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Animals killed as fire rips through Bangkok pet market

A firefighter carries injured chickens in a cage following a fire at a pet market next to Chatuchak market in Bangkok
A firefighter carries injured chickens in a cage following a fire at a pet market next to Chatuchak market in Bangkok - Copyright AFP/File Philip FONG
A firefighter carries injured chickens in a cage following a fire at a pet market next to Chatuchak market in Bangkok - Copyright AFP/File Philip FONG

A fire ripped through pet shops next to Bangkok’s famed Chatuchak market early Tuesday, killing caged dogs, cats, birds and snakes, and damaging more than 100 stalls, police said.

The fire is believed to have started in the ornamental fish zone in Srisomrat Market, adjacent to the bigger Chatuchak, around 4:00 am (2100 GMT), according to Tivakorn Prongseng, a police inspector investigating the case.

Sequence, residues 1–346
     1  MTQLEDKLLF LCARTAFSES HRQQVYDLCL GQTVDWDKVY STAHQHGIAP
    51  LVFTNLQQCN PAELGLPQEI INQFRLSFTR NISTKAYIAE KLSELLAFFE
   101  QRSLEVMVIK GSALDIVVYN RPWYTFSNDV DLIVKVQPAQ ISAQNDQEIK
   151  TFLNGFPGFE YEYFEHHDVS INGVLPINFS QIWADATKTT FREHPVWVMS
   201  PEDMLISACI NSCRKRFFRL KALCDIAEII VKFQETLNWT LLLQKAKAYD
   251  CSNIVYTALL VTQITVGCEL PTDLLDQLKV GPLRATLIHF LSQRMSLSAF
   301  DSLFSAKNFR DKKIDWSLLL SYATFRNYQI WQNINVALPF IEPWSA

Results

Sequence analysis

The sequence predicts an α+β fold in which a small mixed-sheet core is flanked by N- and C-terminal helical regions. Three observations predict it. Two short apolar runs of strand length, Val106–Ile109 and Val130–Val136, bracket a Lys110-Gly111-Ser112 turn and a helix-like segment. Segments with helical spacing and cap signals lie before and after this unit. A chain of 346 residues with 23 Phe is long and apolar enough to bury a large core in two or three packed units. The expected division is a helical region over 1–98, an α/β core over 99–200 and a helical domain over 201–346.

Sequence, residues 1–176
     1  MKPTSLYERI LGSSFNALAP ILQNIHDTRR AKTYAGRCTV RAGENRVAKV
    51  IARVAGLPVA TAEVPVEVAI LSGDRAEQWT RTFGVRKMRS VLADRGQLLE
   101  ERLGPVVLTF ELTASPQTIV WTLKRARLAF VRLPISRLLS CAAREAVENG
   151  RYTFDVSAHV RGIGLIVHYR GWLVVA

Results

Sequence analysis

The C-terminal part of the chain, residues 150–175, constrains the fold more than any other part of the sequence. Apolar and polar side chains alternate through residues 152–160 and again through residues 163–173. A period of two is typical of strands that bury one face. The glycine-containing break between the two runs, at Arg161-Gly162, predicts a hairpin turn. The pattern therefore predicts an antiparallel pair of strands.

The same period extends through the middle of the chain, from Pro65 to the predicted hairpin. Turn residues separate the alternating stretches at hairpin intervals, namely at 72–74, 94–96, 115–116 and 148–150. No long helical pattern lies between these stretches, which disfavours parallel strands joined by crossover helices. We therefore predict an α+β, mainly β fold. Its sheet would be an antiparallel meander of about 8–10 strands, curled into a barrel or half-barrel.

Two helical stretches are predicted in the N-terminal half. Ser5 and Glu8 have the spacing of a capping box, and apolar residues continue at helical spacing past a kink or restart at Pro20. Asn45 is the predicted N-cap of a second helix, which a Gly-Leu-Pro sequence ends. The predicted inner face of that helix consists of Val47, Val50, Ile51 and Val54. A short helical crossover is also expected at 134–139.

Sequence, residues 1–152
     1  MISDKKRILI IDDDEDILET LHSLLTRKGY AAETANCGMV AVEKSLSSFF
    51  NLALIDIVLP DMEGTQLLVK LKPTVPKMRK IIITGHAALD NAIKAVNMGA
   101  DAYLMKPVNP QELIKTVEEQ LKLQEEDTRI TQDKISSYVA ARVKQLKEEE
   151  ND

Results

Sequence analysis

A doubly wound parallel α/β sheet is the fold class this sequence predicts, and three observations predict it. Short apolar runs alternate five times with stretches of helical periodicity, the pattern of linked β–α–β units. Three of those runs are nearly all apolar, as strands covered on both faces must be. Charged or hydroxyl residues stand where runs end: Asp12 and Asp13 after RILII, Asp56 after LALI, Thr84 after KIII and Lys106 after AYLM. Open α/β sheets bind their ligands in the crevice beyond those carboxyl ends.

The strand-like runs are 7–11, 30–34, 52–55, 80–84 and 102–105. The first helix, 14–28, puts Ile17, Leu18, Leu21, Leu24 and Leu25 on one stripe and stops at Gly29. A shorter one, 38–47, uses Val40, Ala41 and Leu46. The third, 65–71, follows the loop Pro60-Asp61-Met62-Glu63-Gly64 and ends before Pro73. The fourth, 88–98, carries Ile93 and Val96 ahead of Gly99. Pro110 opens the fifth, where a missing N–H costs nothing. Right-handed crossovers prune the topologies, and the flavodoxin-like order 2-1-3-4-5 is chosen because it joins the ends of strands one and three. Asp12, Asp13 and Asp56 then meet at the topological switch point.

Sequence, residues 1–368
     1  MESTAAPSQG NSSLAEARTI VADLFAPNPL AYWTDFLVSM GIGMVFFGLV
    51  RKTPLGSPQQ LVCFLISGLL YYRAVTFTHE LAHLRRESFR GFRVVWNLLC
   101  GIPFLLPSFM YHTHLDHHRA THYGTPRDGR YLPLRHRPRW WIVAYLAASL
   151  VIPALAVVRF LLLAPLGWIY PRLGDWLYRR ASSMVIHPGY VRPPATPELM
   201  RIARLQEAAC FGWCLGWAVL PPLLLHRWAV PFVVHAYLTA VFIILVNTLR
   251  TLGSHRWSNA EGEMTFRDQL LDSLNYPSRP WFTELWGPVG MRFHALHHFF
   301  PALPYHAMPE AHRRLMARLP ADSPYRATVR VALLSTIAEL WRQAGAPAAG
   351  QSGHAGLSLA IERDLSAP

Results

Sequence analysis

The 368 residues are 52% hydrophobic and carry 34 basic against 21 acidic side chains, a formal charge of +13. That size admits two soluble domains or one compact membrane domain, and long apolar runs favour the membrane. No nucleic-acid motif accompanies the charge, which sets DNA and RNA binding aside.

The blaze spread to more than 100 stalls across about 1,300 square metres (14,000 square feet), he told AFP.

There were no reports of human casualties, but multiple caged animals were found dead at the market, which belongs to the State Railway of Thailand, he said.

The fire was extinguished by 6:00 am, and the cause is being investigated, Tivakorn added.

Local media reported that hundreds of pets had died in the fire, but Tivakorn said it was too early to say how many had perished.

The Bangkok Metropolitan Administration has set up a presence at the scene to gather information from affected shop owners.

Bangkok Governor Chadchart Sittipunt visited the site and said people could help affected shop owners by offering to house surviving animals.

Fires have previously damaged sections of the neighbouring, tightly packed Chatuchak market, which sells everything from antiques and electronics to dishwares and food.

The market is a top tourist draw, but also a popular shopping destination for locals.

Conservation groups have previously raised concerns about the sale of live animals in the area, with periodic raids on sellers netting endangered species.

AFP
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